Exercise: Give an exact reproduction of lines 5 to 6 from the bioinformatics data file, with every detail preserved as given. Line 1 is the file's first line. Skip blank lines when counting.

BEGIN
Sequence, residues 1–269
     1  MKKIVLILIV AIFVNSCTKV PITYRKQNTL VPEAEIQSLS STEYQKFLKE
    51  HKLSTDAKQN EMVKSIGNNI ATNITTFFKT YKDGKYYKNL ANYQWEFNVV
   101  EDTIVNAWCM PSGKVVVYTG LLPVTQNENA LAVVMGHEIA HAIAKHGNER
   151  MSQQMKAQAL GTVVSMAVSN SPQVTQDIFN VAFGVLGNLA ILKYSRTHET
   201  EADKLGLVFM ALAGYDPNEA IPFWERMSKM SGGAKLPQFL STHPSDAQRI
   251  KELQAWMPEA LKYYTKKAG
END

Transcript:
   151  MSQQMKAQAL GTVVSMAVSN SPQVTQDIFN VAFGVLGNLA ILKYSRTHET
   201  EADKLGLVFM ALAGYDPNEA IPFWERMSKM SGGAKLPQFL STHPSDAQRI